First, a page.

Figure 3. CSIR agricultural R&D expenditure by cost category 2000-2011. Source: Compiled by authors from the ASTI/IFPRI database.

Figure 4. CSIR funding sources 2009-2011. Source: Compiled by authors from the ASTI/IFPRI database.

support from donors and development bank loans 10.5 per cent, sale of goods and services 5 per cent and other sources account for the 0.5 per cent (Figure 4). Conventionally the government being the dominant source of funding to CSIR institutes has been the norm considering the fact that the organization is a public entity that needs to be maintained with public funding. The process of sourcing funding from government by public institutions begins with presenting and defending budgets to the government through the Ministry of Finance. The approved budget after defense is much less than the requested funding. For instance, in the year 2010, only 41 per cent of the total budget presented by CSIR was actually approved [25] . As the payment of salaries and wages is the government priority over the others, anytime there is a cut in the presented budgets, it does not affect Personnel Emolument (PE) as a result approved budget for personnel compensation is close to the actual disbursement.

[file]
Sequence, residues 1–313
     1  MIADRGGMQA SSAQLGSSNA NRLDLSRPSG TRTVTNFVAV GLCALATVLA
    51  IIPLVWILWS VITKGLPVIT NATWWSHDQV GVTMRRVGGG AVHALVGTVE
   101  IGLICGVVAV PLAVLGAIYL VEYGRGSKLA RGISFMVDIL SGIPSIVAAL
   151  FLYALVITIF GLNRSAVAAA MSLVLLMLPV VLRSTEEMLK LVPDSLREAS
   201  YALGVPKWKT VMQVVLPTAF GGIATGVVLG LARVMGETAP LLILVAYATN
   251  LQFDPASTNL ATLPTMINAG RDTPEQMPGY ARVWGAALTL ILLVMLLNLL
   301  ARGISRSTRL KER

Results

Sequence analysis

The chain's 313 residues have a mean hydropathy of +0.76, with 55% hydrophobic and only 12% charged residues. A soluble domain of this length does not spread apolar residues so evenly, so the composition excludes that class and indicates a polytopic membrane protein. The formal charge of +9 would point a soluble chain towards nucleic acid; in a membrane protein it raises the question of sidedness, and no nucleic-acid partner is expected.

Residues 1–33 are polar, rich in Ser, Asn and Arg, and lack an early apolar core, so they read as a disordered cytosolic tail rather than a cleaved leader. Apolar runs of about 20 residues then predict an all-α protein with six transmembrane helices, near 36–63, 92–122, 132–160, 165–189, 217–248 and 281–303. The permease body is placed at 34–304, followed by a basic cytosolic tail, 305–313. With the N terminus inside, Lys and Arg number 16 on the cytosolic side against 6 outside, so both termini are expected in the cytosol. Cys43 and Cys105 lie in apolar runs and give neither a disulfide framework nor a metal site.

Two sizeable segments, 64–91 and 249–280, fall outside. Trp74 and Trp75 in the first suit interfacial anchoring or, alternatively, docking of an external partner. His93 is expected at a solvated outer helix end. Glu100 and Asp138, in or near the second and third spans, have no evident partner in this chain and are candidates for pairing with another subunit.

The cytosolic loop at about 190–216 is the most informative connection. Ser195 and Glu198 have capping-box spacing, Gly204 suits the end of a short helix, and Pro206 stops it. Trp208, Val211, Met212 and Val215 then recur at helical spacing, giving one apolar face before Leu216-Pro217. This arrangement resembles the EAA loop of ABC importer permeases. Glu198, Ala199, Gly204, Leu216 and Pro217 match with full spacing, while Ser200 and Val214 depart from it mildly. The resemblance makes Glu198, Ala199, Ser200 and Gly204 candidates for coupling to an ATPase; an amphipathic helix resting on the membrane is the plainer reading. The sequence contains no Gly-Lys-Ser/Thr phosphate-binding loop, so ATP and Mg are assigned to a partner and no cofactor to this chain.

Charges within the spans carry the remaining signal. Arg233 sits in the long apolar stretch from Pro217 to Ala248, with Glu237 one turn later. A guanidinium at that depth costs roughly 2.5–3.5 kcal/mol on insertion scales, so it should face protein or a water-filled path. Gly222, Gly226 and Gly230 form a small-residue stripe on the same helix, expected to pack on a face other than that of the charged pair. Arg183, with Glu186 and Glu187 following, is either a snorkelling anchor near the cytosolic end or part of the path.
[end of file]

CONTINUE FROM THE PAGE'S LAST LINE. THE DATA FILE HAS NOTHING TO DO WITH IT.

Further analysis of the three core cost components of the agriculture R&D expenditure by CSIR for 2009- 2012 vis a vis funds from government source has shown differential disparities between budgeted and actually disbursed funds. While there is not marked difference between budgeted and disbursed government funding for Personnel Emolument (PE), in 2011 and 2012 there was a shortfall of 2 and 5 per cent respectively (Figure 5).

Unlike PE for staff which has seen a gradual increase from 2009 to 2012 with no marked difference between budgeted and actually disburse amount, funds for recurrent expenditure for the operation activities of the institutes have experienced a continuous decline since 2010 to 2012 from 2.5 to 1.6 million Ghana Cedis (See Figure 6). Funding for recurrent expenditure also showed a similar pattern as PE except that in 2012 there was a shortfall of 25 per cent between the budgeted and disbursed funds (Figure 6). The recurrent component is where the operational budget for the institutes lies. Any shortfall definitely affects R&D activities. However, the study has shown that, government is aware that various donor agencies and funding sources fill the gaps in funding resources for CSIR. Currently the actual disbursement of the recurrent component of government subvention is less than the approved.